The Yuletide season is upon us once more. The temperatures are dropping and the snow flakes are falling as we wind our way through December into winter. The colorful lights are twinkling and the carols are playing, making spirits bright and making children laugh and sing and smile.
All around the world doors are decorated with wreaths and ribbons, and candles shine from windows. Houses, buildings, lawns, and bridges, and even the boats on the river have been adorned with Santa sleighs and reindeer, snowmen, and garland after garland of tinsel and bright colorful lights.
Lighted snowflakes, bells, and candy canes on the poles line the streets of cities all across the lands. Colorful Christmas trees adorn the windows of all the homes we visit, and the shops and restaurants we frequent. The malls are decked with boughs of holly and giant Christmas ornaments, and jingle all the way is the cry of Christmas shoppers everywhere. Granted much of the mad dashing excitement has already happened a few weeks ago on Black Friday, but we all know it won't really be over till after the first of the year.
This time of year here in the southeast the rain falls more often, the sun sets earlier, and the temperatures drop drastically as soon as the sun has gone down. There are a lot more people on the roads going to and fro shopping and making merry, and many of them are visitors who are unfamiliar with the roads. With the often adverse weather conditions, crowded roads after dark, and all the mental distractions of the season, the risk of accidents is much greater. It's a really good idea to take these things into consideration, even if it isn't always easy when we're caught up in the excitement, and give ourselves a little extra travel time so we can not be quite so rushed. In the long run our loved ones will appreciate us still being around for them after the holidays much more than they will appreciate anything we are trying to buy for them.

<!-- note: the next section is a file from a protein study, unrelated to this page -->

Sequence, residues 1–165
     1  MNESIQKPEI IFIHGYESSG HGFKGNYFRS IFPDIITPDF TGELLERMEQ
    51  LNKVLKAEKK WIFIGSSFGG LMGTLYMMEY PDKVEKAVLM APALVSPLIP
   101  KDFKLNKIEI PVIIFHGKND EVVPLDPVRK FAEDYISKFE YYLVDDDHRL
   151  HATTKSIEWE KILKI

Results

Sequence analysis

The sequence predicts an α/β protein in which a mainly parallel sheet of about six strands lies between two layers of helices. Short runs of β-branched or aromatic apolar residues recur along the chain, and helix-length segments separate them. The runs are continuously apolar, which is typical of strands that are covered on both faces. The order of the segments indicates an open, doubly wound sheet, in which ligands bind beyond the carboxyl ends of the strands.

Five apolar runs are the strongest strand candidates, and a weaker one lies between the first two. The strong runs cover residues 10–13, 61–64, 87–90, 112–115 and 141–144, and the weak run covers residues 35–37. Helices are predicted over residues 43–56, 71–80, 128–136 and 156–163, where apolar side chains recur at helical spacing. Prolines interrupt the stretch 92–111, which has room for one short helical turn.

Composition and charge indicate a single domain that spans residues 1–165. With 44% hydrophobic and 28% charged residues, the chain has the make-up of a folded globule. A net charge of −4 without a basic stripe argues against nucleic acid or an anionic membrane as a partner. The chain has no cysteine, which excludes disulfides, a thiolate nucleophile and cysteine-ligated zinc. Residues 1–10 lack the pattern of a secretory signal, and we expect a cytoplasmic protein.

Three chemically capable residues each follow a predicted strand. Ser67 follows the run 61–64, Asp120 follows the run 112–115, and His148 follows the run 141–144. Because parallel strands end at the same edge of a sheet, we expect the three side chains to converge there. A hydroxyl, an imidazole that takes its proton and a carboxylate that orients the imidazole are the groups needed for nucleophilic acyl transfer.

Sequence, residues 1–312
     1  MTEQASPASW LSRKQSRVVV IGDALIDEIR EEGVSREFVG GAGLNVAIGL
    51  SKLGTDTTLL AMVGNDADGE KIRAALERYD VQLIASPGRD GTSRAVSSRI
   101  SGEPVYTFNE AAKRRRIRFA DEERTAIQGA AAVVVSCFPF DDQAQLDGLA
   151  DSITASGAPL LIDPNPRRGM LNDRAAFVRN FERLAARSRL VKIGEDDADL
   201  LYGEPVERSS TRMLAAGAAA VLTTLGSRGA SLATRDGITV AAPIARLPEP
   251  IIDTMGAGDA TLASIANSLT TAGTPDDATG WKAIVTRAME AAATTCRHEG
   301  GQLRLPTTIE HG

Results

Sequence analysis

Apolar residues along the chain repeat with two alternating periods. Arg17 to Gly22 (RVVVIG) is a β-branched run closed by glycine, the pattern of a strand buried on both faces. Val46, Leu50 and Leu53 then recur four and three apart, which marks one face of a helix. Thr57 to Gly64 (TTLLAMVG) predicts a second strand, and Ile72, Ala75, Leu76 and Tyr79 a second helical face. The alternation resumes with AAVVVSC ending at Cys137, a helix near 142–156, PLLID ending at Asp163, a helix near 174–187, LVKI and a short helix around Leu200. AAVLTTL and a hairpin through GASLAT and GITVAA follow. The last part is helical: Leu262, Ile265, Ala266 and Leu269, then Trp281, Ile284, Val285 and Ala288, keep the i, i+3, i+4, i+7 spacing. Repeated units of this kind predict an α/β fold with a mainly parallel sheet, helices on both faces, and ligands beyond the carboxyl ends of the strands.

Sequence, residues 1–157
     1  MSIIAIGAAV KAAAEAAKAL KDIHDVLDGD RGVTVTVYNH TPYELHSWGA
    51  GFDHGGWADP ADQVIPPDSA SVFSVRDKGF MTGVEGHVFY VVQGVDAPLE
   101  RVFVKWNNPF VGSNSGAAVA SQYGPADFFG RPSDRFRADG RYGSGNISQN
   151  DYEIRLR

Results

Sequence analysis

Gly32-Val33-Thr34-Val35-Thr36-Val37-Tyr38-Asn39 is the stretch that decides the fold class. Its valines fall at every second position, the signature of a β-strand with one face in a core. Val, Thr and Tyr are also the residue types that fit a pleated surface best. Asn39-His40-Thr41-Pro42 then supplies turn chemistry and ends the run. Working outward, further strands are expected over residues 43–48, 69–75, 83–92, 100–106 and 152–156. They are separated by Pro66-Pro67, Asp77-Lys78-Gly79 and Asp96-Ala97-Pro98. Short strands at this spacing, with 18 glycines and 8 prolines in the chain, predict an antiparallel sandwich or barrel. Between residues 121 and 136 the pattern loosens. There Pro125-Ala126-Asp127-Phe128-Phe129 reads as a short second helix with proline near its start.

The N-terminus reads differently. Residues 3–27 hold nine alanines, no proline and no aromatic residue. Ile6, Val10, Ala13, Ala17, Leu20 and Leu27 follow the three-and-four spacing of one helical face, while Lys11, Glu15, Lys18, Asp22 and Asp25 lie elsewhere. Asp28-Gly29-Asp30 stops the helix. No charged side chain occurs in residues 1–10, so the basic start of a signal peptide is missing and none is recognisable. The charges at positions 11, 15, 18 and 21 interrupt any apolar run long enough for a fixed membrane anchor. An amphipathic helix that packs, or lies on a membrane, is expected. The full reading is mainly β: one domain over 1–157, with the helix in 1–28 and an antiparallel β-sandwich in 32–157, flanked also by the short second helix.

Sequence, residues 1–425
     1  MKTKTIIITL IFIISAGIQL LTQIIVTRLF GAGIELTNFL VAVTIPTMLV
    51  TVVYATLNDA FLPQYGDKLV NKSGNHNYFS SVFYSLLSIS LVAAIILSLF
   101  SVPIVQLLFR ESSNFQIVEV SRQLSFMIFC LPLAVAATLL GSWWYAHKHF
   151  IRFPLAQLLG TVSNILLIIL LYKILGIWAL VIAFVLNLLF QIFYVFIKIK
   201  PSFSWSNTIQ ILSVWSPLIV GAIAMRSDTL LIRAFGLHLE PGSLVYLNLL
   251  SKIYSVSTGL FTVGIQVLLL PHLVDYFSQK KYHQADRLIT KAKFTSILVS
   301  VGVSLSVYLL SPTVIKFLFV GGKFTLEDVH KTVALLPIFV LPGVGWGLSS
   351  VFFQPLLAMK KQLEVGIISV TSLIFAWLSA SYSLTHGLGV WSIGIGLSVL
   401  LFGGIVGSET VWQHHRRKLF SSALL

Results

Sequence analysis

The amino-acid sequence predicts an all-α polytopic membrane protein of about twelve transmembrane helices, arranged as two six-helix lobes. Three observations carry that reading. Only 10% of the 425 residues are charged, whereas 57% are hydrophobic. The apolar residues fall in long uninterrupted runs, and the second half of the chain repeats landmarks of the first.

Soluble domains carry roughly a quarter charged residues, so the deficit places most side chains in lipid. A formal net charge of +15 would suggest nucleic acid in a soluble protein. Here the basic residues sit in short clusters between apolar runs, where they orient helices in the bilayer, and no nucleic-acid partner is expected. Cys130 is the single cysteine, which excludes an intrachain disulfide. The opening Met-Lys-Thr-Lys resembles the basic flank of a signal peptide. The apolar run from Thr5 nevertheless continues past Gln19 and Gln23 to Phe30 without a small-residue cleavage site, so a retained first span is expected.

A little jingling along the way can be very helpful in a city, especially here in the temperate rain forests of the Southeast U.S., where it rains a lot during the autumn and winter. With all the humidity here the card readers in the parking meters have a tendency to just opt out all together pretty regularly. The ones I use locally work most reliably with coins, so I try to always keep a couple of dollars in change in my console. If I know in advance that a lot of my Christmas shopping will take place in the city with curb-side parking meters, I usually just put all my change in my console at the end of each day so I'll have it while I am out.
Another thing that's good to keep in mind is that the card reading systems can get overloaded and overwhelmed this time of year, and the card readers can just suddenly stop working. Sometimes it's just the reader and the card numbers can be typed in manually, but other times the systems fail all together and cards are just of no use at that time. While carrying a lot of cash during the holiday shopping season could be a bad idea, carrying a little is almost always a good idea any time of the year. This way you can at least cover basic necessities like food, drinks, or fuel while you're out if the system goes down or there is a power outage.